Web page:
Last weekend, a SpaceX launch rocket failed to correctly return to Earth after launching a satellite. However, in truth the rocket correctly landed almost exactly on target (on a floating barge), upright and sufficiently softly, but then a leg strut gave way and the landed rocket fell over and exploded.
SpaceX founder Elon Musk posted an immediate Tweet that said at least this failure left larger rocket debris that could be examined!
This is the third-time unlucky for a SpaceX barge landing, but was undoubtedly the most successful in that landing speed was correct, and the rocket arrived on target and stayed upright for those few seconds.
A landing in December on dry land in Florida was 100 per cent successful, and few observers doubt Musk’s commitment to getting the landing right, and thus the ability to re-use the upper stage of the rocket. The difference to SpaceX’s launch costs – once he solves the problem – is huge.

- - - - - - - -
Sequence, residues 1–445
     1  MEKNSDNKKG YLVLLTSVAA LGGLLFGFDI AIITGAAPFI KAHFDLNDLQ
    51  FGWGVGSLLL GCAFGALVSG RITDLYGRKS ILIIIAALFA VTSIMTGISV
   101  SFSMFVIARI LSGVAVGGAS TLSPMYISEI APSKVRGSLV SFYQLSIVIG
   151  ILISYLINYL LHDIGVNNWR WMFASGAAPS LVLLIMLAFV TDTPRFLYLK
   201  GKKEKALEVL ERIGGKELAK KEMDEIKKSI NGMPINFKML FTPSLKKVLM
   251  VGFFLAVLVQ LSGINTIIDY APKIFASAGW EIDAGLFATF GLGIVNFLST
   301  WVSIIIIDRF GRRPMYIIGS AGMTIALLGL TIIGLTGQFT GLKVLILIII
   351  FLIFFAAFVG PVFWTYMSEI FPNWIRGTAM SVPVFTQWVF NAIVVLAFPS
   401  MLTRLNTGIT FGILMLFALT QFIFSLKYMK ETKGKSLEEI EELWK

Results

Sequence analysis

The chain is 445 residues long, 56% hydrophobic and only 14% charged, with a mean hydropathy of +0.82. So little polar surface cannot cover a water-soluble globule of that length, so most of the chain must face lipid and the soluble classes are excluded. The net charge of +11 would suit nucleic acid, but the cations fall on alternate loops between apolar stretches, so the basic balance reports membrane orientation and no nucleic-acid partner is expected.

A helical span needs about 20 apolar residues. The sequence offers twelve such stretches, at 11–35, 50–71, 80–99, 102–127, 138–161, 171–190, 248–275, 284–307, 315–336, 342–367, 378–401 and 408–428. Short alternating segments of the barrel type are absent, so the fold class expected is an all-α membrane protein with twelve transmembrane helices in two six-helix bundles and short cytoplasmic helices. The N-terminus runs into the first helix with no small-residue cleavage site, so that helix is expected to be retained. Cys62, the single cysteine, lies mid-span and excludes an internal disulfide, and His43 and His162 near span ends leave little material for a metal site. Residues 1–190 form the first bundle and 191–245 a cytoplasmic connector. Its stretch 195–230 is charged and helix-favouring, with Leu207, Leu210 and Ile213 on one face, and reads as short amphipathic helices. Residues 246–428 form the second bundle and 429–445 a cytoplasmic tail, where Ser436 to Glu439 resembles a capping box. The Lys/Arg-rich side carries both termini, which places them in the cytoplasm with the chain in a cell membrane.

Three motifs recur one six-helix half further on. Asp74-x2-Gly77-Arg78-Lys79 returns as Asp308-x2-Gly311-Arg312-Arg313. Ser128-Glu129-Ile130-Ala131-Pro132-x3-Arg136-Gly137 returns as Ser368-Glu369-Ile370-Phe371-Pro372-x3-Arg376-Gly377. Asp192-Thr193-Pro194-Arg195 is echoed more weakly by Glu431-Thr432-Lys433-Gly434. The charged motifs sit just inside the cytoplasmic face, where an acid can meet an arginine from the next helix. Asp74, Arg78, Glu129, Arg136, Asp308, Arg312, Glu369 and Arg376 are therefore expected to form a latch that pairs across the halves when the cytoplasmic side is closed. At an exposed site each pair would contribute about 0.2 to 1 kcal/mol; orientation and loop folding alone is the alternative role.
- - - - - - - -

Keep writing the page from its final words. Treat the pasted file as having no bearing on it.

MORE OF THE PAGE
Equity analysts at investment bank Jefferies have looked carefully at the cost structure of building and launching a SpaceX rocket, and come to the conclusion that costs to satellite operators of using a SpaceX rocket could easily come down by about 40 per cent, while leaving Elon Musk’s profit margins in a very healthy state.
Jefferies says that the overall launch costs of the new ‘heavyweight’ Falcon-9 could tumble by some $30 million (and presumes about 15 re-uses) or 40 per cent of today’s typical $61.2 million/launch.
Luxembourg-based SES is expecting SpaceX to launch its SES-9 craft later this month from Cape Canaveral. This is an ‘all-original’ launch rocket, which again SpaceX hopes to re-land after use.